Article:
Teachers are Worth a Million Dollars

Teachers are worth so much more than they are paid. They are worth millions and in the scheme of things, often priceless. Today as I watched my children prepare to go off to the Land of Knowledge, I thought about the public school teacher whose face would greet my little munchkins. Then I stopped and prayed for him and/or her. Sometimes I want to attach a note to their little bodies with big bold red letters saying, “May the Lord help you, my children are at school today.”

Are my children that bad you ponder? No, not really, but when there is a long weekend like this past weekend I often say, “Is it time for school yet? I now know why my mother was happy to send us off to school.” Again, I say teachers are priceless individuals. I have three children with varying learning styles (from the visual learner to the eidetic memory) and degrees of disability (ADD-Inattentive, Autism-mild to moderate, and Sheldon Cooper Syndrome, oops, Asperger’s and ADHD). I honestly could not imagine twenty to twenty six of my little munchkin’s in one closed in space. God Bless Public School Educators for the work that they do day in and day out.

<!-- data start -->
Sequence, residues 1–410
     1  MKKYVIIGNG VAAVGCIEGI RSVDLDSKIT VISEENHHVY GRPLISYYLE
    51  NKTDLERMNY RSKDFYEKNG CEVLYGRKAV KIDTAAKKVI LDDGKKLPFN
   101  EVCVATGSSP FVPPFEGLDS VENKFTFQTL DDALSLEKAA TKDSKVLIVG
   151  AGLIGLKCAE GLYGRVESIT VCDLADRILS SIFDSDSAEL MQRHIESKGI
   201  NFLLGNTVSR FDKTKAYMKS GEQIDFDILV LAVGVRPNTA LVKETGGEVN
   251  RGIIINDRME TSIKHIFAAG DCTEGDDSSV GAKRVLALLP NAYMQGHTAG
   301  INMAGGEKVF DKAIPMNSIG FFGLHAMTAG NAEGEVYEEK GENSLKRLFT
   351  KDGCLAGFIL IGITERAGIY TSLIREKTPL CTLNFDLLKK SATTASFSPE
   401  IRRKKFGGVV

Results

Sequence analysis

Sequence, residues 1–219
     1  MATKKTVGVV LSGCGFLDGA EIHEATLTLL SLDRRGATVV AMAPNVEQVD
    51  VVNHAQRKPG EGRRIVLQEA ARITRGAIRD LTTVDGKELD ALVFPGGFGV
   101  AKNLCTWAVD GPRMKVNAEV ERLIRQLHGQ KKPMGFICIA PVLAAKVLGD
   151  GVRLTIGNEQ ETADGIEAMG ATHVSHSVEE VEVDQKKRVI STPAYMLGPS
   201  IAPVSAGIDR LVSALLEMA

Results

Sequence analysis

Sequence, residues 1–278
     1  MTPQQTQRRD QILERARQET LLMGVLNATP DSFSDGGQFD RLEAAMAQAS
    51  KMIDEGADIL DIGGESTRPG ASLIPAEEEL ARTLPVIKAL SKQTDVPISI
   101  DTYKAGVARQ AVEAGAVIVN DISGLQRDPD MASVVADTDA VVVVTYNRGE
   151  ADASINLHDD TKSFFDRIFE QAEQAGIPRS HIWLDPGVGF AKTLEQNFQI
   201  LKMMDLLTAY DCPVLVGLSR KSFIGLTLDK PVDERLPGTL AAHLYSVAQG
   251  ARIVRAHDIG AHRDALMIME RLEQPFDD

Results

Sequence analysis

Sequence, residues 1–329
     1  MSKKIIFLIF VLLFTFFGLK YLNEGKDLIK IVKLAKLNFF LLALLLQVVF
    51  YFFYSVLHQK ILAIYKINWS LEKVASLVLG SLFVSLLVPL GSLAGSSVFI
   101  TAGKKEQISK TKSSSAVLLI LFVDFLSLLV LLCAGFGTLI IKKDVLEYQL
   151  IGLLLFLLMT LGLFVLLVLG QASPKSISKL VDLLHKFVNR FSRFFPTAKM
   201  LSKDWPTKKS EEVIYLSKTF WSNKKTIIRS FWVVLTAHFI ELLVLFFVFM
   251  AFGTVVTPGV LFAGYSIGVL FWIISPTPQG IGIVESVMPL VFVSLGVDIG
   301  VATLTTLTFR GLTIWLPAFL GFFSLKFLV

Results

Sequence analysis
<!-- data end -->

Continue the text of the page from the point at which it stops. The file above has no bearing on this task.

Just so happens, my children happen to attend school in a great school district. My kids are in the best schools in the district (maybe I’m biased, I think I’m allowed to be), Riverview Elementary School and Fort Mill Middle School. My teachers go above and beyond to ensure that my children are successful. Which reminds me of my second grade teacher at Oakdale Elementary School, Ms. Paulette Hallman. Ms. Hallman is one of those teachers that I can thank for my creative flair. I remember a second grade writing assignment. I don’t know if she knew then, but I wrote a three-page paper about a Christmas tree, my Christmas tree, that did not exist. I can remember her words after reading this front and back, did I say three pages, manifesto. “You did such a wonderful job on your rough draft. Now let’s use our best handwriting and rewrite it.” I beamed with pride though I was slightly annoyed that I had to stay in from recess to finish part of it. I still got it done in my best handwriting. Later on just mere days after graduation, the day before I was to officially leave the nest for the Army, a card from Ms. Hallman was in my mailbox. She kept track of me and the writing I did for the local newspaper while I was in high school and still managed to think of me during one of the most important steps in my life, graduating from high school all those years later. I beamed with pride again that she could have taken her money to do something else with it, but she bought a card, wrote a message, and mailed it to me. What a gift!